The reason lengthy periods of growth are so important is because American Express is a double dipper. It’s the nation’s No. 3 payment processor by credit card network purchase volume, which allows it to generate fees from merchants. However, it’s also a lender, which means it’s collecting possible fees and interest income from its cardholders. Disproportionately long economic expansions allow American Express to clean up from both sides of the transaction aisle.

Furthermore, AmEx has historically attracted high earners as cardholders. People with above-average incomes are less likely adjust their spending habits when minor economic disruptions arise. In theory, this should help American Express navigate downturns in the U.S. economy better than other lending institutions.

A shore crane stacking containers at a shipping terminal.

Image source: Getty Images.

No. 3-No. 7: Mitsubishi, Mitsui, Itochu, Sumitomo, and Marubeni

Five additional companies that Warren Buffett has no plans to ever sell are the Japanese trading houses that Berkshire has been building positions in since July 2019. These five companies are Mitsubishi (MSBHF 0.55%), Mitsui (MITSF 0.25%), Itochu (ITOCF 1.14%), Sumitomo (SSUM.Y 2.06%), and Marubeni (MARUY 0.93%).

Aside from believing the Japanese economy will grow over the long run, Buffett’s faith in these five businesses boils down to their operations, management teams, and shareholder-friendly practices.

Mitsubishi, Mitsui, Itochu, Sumitomo, and Marubeni have their proverbial hands in more cookie jars than can be counted. These are companies that trade or import/export all types of foods, energy commodities (including oil and natural gas), chemicals, apparel, healthcare products, and so on. They’re perfectly positioned to take advantage of disproportionately long periods of growth and can easily navigate short-lived downturns.

In his latest annual letter to shareholders, Buffett was clear to note that the CEOs of Mitsubishi, Mitsui, Itochu, Sumitomo, and Marubeni were taking far less in compensation than what’s typically seen from American CEOs of prominent corporations. These companies are also reinvesting a significant portion of their earnings back into various aspects of their operations.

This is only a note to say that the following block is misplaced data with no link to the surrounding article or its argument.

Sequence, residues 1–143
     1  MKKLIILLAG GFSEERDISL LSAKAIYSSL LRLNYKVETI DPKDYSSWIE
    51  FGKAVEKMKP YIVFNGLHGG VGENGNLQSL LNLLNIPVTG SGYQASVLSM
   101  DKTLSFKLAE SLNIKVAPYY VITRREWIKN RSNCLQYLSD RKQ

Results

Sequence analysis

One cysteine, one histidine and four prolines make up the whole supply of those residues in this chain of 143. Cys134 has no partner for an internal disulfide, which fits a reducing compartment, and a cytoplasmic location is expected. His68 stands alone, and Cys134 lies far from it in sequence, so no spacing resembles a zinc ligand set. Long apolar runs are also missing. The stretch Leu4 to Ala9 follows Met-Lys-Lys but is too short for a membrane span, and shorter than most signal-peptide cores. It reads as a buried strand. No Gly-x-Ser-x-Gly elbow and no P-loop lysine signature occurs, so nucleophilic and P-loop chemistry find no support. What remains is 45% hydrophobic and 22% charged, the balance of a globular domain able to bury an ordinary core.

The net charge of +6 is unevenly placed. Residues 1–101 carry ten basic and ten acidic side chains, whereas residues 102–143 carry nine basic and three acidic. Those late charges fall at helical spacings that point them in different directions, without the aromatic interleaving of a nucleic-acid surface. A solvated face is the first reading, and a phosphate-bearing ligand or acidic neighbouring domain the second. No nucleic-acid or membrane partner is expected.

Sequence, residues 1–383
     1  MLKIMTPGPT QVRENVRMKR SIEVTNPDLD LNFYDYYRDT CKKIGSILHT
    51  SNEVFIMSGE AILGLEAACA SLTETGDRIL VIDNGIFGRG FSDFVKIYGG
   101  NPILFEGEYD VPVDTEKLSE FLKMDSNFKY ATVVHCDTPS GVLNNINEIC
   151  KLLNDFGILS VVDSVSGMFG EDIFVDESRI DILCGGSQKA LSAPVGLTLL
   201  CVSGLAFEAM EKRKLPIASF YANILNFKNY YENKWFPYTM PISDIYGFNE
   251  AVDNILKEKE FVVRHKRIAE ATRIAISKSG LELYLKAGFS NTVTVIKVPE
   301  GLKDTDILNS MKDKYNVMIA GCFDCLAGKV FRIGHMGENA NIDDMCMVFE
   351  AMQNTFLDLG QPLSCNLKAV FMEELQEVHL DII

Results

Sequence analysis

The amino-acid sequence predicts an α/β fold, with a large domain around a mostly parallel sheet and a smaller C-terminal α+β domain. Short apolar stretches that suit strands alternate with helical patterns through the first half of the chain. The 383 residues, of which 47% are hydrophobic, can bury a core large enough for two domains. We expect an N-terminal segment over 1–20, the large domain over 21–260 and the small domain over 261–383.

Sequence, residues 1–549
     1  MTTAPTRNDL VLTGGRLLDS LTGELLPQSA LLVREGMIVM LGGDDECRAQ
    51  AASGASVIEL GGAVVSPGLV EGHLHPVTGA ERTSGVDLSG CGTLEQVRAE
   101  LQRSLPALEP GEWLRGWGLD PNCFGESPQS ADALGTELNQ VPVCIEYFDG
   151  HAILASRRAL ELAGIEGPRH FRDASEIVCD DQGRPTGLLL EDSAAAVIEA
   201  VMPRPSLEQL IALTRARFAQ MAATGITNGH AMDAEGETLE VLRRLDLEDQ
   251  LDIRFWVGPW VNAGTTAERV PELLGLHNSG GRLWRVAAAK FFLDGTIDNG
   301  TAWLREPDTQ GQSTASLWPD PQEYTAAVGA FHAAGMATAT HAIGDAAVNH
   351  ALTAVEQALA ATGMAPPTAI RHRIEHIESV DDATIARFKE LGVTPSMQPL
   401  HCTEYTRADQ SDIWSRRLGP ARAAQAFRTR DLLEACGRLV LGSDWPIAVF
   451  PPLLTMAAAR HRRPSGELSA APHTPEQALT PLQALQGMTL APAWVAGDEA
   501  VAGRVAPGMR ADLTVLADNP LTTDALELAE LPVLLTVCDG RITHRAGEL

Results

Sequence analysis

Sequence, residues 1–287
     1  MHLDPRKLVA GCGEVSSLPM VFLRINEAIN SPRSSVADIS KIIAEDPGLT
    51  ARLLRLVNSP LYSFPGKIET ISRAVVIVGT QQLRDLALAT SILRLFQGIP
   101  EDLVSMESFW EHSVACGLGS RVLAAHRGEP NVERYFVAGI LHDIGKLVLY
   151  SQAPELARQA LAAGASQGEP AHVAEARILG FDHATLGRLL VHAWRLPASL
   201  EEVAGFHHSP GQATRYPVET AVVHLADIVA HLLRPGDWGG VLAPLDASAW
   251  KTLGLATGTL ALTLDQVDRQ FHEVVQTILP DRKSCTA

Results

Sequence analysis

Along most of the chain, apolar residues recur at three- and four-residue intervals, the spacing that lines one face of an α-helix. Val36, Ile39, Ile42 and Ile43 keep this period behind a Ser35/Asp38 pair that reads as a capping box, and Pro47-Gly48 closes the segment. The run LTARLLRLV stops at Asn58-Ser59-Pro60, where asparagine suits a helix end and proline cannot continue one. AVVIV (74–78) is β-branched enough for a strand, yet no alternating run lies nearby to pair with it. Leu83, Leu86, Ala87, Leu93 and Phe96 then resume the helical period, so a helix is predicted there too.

Lastly, Mitsubishi, Mitsui, Itochu, Sumitomo, and Marubeni have all been actively buying back their common stock. Buffett has always been a huge fan of buybacks because they increase the ownership stakes of existing shareholders. Further, share repurchases can increase earnings per share (EPS) for companies with steady or growing net income.

No. 8: Occidental Petroleum

The eighth phenomenal stock that Warren Buffett plans to hold forever in Berkshire Hathaway’s $373 billion investment portfolio is energy company Occidental Petroleum (OXY -0.15%). Buffett and his investment aides have purchased over 248 million shares of Occidental common stock since the start of 2022.

Having nearly $17 billion currently invested in Occidental — not counting the $8.49 billion in Occidental preferred stock Berkshire also holds — is a pretty clear indication that Berkshire’s brightest minds expect the spot price for crude oil to remain high for years to come.

During the COVID-19 pandemic, demand for energy commodities fell off a cliff because of lockdowns and historic demand uncertainty. Even with oil and gas companies now increasing their capital expenditures, the global supply of crude oil remains tight. When coupled with Russia’s invasion of Ukraine, a recipe exists for worldwide supply constraints on crude oil to push spot prices notably higher.

Although Occidental Petroleum is an integrated energy company, it generates the bulk of its revenue and operating income from drilling. If the spot price of crude heads higher, few oil stocks are going to benefit more than Occidental.

The one concern with this company is its debt-laden balance sheet. But if the spot price of crude remains elevated, paying down its outstanding debt shouldn’t be a problem.